Let’s Dream Big!

Organizing Matters

Volume 115, No. 5May, 2015

Maggie Russell-Brown
Maggie Russell-Brown

Maggie Russell-Brown

“Power concedes nothing without a demand. It never did and it never will. Find out just what any people will quietly submit to and you have found out the exact measure of injustice and wrong which will be imposed upon them…” – Frederick Douglas

What does it mean to dream big? This question and many others were asked in an honest exchange at the first National Organizers Workshop, which was hosted by the AFL-CIO Organizing Institute in early March. The Organizing Institute was founded 25 years ago to address the dire need of the labor movement to recruit, train and develop talented people from all walks of life to become the future of the labor movement.

Over two days, 700 organizers from labor unions, student and community groups and worker centers came together to share innovative, bold and successful ideas about how to revitalize the labor movement. During discussions and workshops, organizers shared creative strategies to address the changing landscape of labor and to fight the onslaught of attacks on working people.

There were inspiring workshops on changing laws that would facilitate new organizing and hold employers better accountable. We learned how to help rank-and-file leaders become more active in their union, which creates more power when bargaining for a new contract. Another workshop focused on the troubling pattern of more and more employers misclassifying workers as independent contractors and what tools labor organizers can use to fight back. We discussed how technology and social media can bring workers together in a safe space to talk about what needs to change.

Numbers do not lie. According to the Congressional Research Service, 34.8 percent of all wage and salary workers belonged to unions in 1954. By 1983, only 20.1 percent workers belonged. In 2014, that number was down to 11.1 percent.

Activists get inspired at the National Organizers Workshop.

Activists get inspired at the National Organizers Workshop.

Let’s look at our own industry. According to the Census Bureau, there were 15,581 full-time musicians living in New York City between 2010 and 2012, along with 31,777 students graduating with a degree in music. To get more specific, the Bureau of Labor Statistics has published data showing there are 4,300 musicians regularly employed (not freelance) in the New York City metro area. Among this group, the average wage is $43.10 per hour. The Bureau of Labor Statistics does not track freelance musicians nor does it take into account the many hours of private practice, rehearsals and other activities musicians regularly do in order to hone their craft and promote themselves. Likewise, accurate data is not possible to collect because musicians are not treated as employees by jazz clubs like the Jazz Standard, Iridium, Village Vanguard, Dizzy’s Club Coca-Cola, Birdland Jazz Club, Blue Note and others. Multi-billion dollar corporate casinos such as Resorts World Casino in Queens and others also skirt the law on a daily basis by classifying musicians as independent contractors or freelancers.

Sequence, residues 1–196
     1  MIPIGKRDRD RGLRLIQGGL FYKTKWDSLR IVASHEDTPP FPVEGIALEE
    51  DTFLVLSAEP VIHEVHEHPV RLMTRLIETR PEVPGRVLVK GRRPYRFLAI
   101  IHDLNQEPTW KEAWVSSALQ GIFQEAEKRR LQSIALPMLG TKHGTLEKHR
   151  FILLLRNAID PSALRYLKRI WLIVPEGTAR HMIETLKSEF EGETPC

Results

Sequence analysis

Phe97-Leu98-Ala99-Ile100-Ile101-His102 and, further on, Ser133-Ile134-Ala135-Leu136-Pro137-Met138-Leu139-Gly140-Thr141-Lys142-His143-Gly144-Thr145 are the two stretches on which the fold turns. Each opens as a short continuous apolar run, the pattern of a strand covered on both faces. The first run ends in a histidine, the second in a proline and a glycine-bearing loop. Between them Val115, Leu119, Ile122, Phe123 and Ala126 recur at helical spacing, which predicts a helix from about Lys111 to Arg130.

While Local 802 has seen a decline in membership over the past 15 years, we still represent a large percentage of musicians working in New York City. The decrease in our membership numbers has less to do with a decrease in the number of musicians in New York and more to do with the shifting of musical performance to nonunionized venues and bandleaders, which has inevitably created a race to the bottom. Some employers have been able to erode the area standards fought for and won by union musicians long ago. When musicians are not earning a union wage, they are less motivated to join the union.

But when musicians collectively demand change, as they first did more than 90 years ago, then the industry floor rises as nightclubs and employers are forced to meet the demands for dignified wages and working conditions. The industry has fundamentally changed since musicians first united to fight and win decent wages and benefits. Today we are challenged with emerging technologies and slick business models that have made this business difficult to make a decent living in. But we know change is possible because musicians faced similar seemingly impossible odds decades ago and won when they united and demanded change.

So let’s dream big. How would you make the music industry work better for you? We know our city is the music capital of the world. Tourists flock here to experience our live music, students come to study here under some of the greatest living masters, and musicians breathe life and culture into every corner of our city. There is money flowing in every direction except into the pockets of the very workers who are creating the art. How do we make change? The answer can only be found when musicians come together to demand it.

How is the music industry working for you? And how would you make it better? E-mail me at or call me at (212) 245-4802, ext. 157.

Maggie Russell-Brown is the director of organizing and field services. If you’re playing a job where you feel disrespected or know that you aren’t being paid fairly, contact Maggie at (212) 245-4802, ext. 157 or You can also call the Local 802 hotline anonymously at (212) 245-4802, ext. 260 to report a job or working situation.